Sleep Resources

What is the Best Sleeping Position?

If you’re interested in significantly enhancing your sleep experience, then take a look at this breakdown of the various pros and cons for each sleeping position to see which one is the best for you.

By Daniel Grogan

Mattress Nerd consulted Julia LeBlanc, PT/DPT, to ensure that this article met our editorial standards


There are many factors that contribute to a good sleep experience, but one of the primary contributors to a good night’s rest is the right sleep position. There are several different positions: you’re either a stomach sleeper, back sleeper, or side sleeper (right side or left side), or you may be a combination sleeper who switches things up throughout the night. 

While you may find your default sleeping position to be comfortable, it’s important to realize not all of these positions are the same in terms of sleep quality. In fact, sleeping in one manner can be much healthier than another. In this article, we take a look at each individual sleeping position and analyze the various benefits and drawbacks of each one. We also offer helpful tips to ensure that you’re sleeping the “right way” in order to get a better sleep.

Stomach Sleeping

Sleeping on your stomach is actually one of the worst sleep positions you can choose in terms of health and wellness. When you sleep facing down, you can encounter a variety of issues. Since your face is pressed up against the pillow, it can lead to wrinkles and other skin irritations. You may also experience neck pain and lower back pain due to your spine not being properly aligned (when you sleep on your stomach, your hips tend to sink into the mattress). Finally, sleeping on your stomach can put extra unnecessary pressure on your muscles and joints, leading to you waking up with soreness the next morning.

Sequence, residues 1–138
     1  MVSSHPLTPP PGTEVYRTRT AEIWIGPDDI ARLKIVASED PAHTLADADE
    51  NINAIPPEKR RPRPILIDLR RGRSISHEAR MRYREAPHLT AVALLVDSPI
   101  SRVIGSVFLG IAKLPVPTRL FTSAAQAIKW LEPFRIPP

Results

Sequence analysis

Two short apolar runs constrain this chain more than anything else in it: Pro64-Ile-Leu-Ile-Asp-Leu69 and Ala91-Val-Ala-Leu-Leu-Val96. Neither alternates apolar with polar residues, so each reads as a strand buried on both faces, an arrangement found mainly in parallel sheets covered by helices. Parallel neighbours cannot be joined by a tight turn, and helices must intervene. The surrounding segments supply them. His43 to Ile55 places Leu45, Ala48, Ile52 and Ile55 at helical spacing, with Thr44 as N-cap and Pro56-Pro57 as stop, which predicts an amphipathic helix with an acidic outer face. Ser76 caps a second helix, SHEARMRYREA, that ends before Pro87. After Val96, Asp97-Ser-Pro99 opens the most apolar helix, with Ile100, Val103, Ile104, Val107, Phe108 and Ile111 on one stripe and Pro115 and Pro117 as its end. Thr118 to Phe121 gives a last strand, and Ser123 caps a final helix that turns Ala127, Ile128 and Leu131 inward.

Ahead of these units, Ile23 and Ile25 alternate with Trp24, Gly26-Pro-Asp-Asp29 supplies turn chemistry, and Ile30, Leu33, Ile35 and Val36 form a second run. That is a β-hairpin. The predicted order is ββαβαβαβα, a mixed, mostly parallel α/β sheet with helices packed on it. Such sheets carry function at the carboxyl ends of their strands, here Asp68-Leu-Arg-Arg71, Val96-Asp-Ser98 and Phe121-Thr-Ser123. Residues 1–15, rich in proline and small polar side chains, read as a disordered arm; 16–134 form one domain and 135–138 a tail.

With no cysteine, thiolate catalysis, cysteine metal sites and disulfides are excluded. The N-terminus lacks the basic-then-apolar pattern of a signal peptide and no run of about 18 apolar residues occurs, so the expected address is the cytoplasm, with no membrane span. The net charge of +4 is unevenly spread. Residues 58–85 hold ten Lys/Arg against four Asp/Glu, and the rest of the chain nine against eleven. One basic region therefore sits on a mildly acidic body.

Although stomach sleeping has the one desirable benefit of keeping your airway open so you don’t snore or suffer from obstructive sleep apnea, the drawbacks greatly outweigh the positives. If possible, you’ll want to try to change up your position to either your back or one of your sides.

The Best Way to Sleep on Your Stomach

If you’re set on sleeping on your stomach and you find yourself unable to conform to a new position, there are steps you can take to make your sleep experience much better for you. First, you need to have a quality mattress. A mattress that has a firmer surface will prevent your hips from sinking in, thus helping with spinal alignment. Look for mattresses made of either box springs or dense memory foam (or a hybrid of both) to help you with your stomach sleeping experience.

If you have a mattress that rates lower on the firmness scale and you don’t feel like changing it, then there is another strategy you can try. Place a pillow underneath your hips as you sleep. This will keep your hips and pelvis elevated at night so that you don’t have to deal with back pain in the morning.

Finally, a method you can try to improve your stomach sleeping experience involves just a little extra work in the morning and at night. Make sure you stretch properly every night before you go to bed, and then follow up with more stretches when you wake up. With all the pressure that’s put on your joints throughout the night, you’ll want to give them proper attention to keep them nice and limber. We have a whole article on how to properly sleep on your stomach if you’re still interested.

Related: Best Mattresses for Stomach Sleepers

Side Sleeping

Sleeping on your side can be extremely beneficial for a multitude of reasons. When sleeping this way, you’re allowing the mattress to help with the natural curve of your body, which is great for spinal health. Sleeping on your side can also prevent snoring and possibly even sleep apnea, as it helps keep your tongue from falling backwards and obstructing your airway. 

Based on the theory that sleeping on your side can keep gastric and stomach juices lower in your esophagus, side sleeping can assist with preventing acid reflux. Side sleeping can also help with your brain filtering out interstitial waste, brain gunk that is responsible for diseases such as Alzheimer’s and Parkinson’s. Finally, pregnant women will be happy to know that sleeping on your side is one of the preferred positions for optimizing maternal and fetal health as it helps with blood flow.

While side sleeping is one of the best sleep positions, you need to consider the negatives as well. Similar to stomach sleeping, resting the side of your head on the pillow can lead to wrinkles and possible skin irritation. You can also experience some shoulder and hip pain if you don’t have the right mattress.

Related: Best Mattress for Side Sleepers

The Best Way to Sleep on Your Side